In the Old Testament, it contains the prophecies of Habacuc, foretelling, as a thing incredible to Juda, the invasion of the Chaldeans. The temple of Jerusalem, which was to be destroyed by Nabuchodonosor, King of the Chaldeans, 587 B.C., was still standing (2, 20), and the fact that the Chaldean conquest did not seem likely makes it probable that the prophet’s prediction dates from before 606 B.C., when the victory of Nabuchodonosor over the Egyptians at Carchemish assured his domination over western Asia. However the work of Habacuc’s contemporary, Jeremias, shows that Jerusalem remained rather blind to the Chaldean menace even after that time and some scholars regard the period: 606-600, as the most likely date. The prophet foretells the chastisement of his guilty country, Juda, by the Chaldeans, whom God uses as His scourge, and then the chastisement of the still more wicked Chaldeans. God‘s assurance that whereas “the just shall live in His faith” the proud oppressor shall be destroyed, is followed by a taunting song in which the prophet represents the people pronouncing “Woes” against the rapacious violence of the Chaldeans and the dishonesty and cruelty by which the magnificence of their cities was maintained, as well as against their idolatry. The book ends in a beautiful lyric ode in which God is represented as appearing in judgment, to execute vengeance on the nation’s foes and to ensure His people’s salvation.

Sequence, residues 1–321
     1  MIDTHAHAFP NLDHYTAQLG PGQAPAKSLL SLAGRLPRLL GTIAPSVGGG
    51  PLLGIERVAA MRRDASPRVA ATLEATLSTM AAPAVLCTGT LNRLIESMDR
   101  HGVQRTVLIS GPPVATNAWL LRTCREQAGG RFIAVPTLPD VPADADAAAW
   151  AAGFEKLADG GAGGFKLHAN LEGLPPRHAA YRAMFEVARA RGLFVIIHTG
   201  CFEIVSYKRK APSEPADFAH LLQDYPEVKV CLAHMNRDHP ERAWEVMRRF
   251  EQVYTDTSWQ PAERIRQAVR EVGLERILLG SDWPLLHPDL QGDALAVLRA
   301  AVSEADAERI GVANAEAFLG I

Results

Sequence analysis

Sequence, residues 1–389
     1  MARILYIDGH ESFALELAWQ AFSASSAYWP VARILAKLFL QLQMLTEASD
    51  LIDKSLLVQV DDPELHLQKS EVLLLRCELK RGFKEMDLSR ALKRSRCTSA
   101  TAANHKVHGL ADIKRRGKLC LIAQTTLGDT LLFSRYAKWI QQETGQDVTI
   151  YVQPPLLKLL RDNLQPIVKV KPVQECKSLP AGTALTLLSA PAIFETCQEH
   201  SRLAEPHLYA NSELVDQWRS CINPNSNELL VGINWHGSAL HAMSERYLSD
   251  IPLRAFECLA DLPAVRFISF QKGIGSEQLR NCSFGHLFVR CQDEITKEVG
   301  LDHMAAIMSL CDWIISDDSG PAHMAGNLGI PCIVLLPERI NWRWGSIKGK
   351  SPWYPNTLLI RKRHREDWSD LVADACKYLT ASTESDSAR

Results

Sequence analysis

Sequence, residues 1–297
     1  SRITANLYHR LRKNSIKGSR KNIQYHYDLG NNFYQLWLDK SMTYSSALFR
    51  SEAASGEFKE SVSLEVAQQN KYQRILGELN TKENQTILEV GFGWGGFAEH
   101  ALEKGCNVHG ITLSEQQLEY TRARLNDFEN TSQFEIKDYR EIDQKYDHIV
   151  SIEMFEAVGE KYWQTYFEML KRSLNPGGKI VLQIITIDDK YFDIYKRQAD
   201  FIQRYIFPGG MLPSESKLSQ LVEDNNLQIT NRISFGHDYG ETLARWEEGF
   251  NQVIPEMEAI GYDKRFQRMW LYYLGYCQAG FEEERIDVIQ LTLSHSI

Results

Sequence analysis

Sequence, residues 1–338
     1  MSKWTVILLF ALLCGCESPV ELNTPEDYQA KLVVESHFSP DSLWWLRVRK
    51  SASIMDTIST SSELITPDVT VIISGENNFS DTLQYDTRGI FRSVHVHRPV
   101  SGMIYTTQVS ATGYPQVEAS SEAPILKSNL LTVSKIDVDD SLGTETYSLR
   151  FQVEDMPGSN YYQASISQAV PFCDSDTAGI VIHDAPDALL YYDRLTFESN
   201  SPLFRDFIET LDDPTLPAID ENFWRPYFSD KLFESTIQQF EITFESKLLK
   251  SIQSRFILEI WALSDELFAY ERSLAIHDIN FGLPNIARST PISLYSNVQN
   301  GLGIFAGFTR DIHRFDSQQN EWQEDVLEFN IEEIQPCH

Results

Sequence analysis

- “Book of Habacuc”. . Saints.SQPN.com. 13 June 2010. Web. 19 June 2013. <http://saints.sqpn.com/book-of-habacuc/>